If your policy doesn't come with the 'uninsured driver promise' benefit, you can still claim but any recovery of your uninsured losses, such as the excess, will be slow and difficult.

If you don't have comprehensive cover, you will need to seek assistance from the MIB (Motor Insurers' Bureau). It works with insurance companies and the police to help support people affected by uninsured drivers, and untraced vehicles, and possibly get them some compensation.

If you have any suspicion the driver may be uninsured, contact your insurer in the first instance. However, in some situations you may need to contact the police, depending on the circumstances of the incident.

Step 2: Contact your car insurer ASAP

Once you are safely home, pull out your insurance documents, including contact details for your provider, and double-check the type of cover you have. This will have an impact on whether or not you'll be able to claim, depending on the circumstances of the incident.

If you're able to make a claim, do check:

  • The excess. This is the amount you pay towards the repair costs of your car.

  • Courtesy car entitlement. Does your policy give you a courtesy car until yours is fixed?

  • Whether you have legal expenses cover (this is useful as it's there to help with uninsured losses, such as your excess, and personal injury claims and so on, if they believe there is a chance of a recovery)

Get in touch with the insurance company as soon as you can, but ensure you have all the information you've gathered to hand, plus the following:

  • The claims helpline number of your insurance company (this can be found within your policy document or on the insurer's website)
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  • Your policy number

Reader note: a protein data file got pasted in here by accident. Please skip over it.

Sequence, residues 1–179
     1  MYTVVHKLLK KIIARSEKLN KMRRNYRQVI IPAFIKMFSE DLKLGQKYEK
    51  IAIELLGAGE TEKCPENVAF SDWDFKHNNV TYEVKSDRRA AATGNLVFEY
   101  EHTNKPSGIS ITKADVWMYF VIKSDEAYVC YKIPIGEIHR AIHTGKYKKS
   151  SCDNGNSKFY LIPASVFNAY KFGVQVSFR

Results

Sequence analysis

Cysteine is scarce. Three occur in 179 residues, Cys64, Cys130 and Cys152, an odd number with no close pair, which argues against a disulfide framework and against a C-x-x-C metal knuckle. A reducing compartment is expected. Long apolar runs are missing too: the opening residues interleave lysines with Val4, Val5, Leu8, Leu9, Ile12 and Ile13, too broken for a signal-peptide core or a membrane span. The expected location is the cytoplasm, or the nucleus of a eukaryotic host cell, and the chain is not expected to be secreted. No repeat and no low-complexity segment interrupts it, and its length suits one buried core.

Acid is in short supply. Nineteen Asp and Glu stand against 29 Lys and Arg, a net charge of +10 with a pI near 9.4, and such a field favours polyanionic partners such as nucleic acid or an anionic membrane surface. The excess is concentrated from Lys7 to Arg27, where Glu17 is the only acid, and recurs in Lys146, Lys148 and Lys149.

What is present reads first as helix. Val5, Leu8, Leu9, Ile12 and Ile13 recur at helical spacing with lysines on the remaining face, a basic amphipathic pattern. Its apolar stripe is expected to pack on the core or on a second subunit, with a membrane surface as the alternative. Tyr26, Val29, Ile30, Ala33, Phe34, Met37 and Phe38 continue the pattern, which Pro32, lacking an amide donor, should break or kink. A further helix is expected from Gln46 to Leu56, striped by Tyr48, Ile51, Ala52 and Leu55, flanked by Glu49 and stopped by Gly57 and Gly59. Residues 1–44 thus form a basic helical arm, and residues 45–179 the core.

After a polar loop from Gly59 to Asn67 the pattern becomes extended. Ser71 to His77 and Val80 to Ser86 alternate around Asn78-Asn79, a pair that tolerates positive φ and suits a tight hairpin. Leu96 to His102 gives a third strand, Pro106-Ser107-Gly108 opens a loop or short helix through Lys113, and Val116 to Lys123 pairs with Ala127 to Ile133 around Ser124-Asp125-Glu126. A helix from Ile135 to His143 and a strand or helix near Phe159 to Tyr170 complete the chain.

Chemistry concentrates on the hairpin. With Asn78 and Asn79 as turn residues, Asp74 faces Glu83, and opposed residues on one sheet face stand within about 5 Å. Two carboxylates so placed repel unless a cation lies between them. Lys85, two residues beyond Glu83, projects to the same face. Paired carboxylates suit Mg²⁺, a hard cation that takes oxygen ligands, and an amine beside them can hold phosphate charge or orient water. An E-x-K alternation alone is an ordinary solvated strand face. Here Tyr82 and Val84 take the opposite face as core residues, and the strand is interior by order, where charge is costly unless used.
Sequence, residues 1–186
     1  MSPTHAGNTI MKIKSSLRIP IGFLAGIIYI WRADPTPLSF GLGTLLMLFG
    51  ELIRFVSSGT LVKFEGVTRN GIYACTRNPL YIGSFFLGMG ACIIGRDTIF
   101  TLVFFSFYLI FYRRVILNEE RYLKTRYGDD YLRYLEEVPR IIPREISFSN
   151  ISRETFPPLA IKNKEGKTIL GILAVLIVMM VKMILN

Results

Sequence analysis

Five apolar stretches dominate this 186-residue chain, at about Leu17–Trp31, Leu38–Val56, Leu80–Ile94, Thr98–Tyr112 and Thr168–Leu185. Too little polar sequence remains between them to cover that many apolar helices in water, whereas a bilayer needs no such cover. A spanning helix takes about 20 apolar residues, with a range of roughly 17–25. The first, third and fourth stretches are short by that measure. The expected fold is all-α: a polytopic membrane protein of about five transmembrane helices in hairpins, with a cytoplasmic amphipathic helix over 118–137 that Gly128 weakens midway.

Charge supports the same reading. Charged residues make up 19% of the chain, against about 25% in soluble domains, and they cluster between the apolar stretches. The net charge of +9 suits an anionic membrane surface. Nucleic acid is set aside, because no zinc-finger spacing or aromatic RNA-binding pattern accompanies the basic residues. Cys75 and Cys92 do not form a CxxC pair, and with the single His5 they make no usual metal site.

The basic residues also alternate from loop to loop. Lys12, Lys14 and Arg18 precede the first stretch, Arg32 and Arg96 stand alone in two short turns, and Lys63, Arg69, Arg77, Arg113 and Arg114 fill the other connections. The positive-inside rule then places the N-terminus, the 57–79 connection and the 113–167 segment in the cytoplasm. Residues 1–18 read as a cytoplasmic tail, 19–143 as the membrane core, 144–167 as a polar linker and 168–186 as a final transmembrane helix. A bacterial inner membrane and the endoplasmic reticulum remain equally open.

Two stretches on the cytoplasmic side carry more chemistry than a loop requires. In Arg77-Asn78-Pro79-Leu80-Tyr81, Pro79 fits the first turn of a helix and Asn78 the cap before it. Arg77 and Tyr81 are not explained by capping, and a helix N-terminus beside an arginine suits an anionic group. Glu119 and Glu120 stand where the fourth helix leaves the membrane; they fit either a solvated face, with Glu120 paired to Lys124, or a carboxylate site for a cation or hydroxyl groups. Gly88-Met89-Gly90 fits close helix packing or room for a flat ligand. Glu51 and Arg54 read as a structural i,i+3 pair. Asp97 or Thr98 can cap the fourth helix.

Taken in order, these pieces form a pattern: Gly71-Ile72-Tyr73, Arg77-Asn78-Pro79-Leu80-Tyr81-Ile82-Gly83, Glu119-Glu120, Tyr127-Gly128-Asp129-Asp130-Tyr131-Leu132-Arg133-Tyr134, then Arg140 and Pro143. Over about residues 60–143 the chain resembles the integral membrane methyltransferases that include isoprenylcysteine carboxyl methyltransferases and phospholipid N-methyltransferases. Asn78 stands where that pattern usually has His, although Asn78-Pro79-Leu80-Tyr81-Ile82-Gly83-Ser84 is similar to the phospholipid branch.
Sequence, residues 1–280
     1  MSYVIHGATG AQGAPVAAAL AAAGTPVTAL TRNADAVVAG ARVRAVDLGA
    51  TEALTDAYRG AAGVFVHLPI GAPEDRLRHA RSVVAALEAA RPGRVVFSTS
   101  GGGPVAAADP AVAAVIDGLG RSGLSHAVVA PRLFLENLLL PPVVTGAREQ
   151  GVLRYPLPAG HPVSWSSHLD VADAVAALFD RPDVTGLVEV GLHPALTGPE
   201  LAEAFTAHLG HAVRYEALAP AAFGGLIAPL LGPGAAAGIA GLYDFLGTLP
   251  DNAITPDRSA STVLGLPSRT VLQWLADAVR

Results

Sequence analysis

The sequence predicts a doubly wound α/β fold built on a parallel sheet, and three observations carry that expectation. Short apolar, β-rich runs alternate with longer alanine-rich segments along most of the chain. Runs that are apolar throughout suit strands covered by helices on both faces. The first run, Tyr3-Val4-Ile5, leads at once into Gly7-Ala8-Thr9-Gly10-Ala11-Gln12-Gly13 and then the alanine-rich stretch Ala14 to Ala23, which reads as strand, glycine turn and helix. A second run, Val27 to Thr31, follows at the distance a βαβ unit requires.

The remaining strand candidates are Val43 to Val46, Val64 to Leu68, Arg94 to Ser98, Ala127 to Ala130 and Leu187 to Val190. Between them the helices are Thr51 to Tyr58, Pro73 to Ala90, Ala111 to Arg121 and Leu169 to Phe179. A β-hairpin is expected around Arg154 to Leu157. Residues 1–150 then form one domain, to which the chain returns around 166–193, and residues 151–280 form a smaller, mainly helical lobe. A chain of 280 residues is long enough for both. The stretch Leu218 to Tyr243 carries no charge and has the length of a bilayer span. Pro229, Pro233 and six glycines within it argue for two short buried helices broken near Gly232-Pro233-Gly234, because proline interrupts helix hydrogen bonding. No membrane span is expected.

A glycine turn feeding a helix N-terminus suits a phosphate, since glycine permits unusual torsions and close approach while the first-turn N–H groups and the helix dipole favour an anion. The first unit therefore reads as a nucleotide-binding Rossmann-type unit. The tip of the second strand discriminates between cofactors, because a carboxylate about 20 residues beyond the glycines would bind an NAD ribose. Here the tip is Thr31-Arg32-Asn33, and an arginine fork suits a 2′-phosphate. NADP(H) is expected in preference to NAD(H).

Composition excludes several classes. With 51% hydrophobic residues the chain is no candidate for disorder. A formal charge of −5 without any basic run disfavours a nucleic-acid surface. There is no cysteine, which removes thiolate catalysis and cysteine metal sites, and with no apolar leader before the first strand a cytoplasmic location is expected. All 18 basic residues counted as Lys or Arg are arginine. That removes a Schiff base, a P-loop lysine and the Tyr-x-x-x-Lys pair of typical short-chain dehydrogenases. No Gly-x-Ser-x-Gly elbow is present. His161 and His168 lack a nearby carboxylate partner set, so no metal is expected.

• Your car registration number

  • Details of the incident, and any other people involved

This information will help to trace your policy.

 

When you contact the insurer, it will try to find out full details about what happened, and ask for much of the information that we cover earlier on in this guide.

The provider will then begin to investigate the claim based on the details of the incident. It will then set about arranging for your vehicle to be repaired or preparing a 'write-off' offer if it is deemed not cost-effective to repair.

Is it worth claiming on my car insurance?

Whether it's worth putting in a claim with your insurance provider will depend entirely on the amount of damage to your vehicle, and the cost of putting that damage right.

For example, if it's a tiny scrape to your wing mirror against the garden gate, it may not be worth it – as the cost to repair may be a lot less than the policy excess, which you'd have to pay as part of a claim. But if it was heavy impact damage, and the repair cost significantly exceeded the excess, then you should definitely consider a claim.

In short, if the incident was just you (no one else involved), and any damage was very minor and will not cost more than the excess to put right, this is when it may be better not to claim, and to foot the bill yourself.

Finally, whether you decide to claim or not, all accidents need to be declared to your insurer (see more on this below).

How will making a claim affect the cost of my insurance?

Making a claim, or even declaring an accident, is likely to affect the cost of your insurance in future, but by how much depends on a number of factors.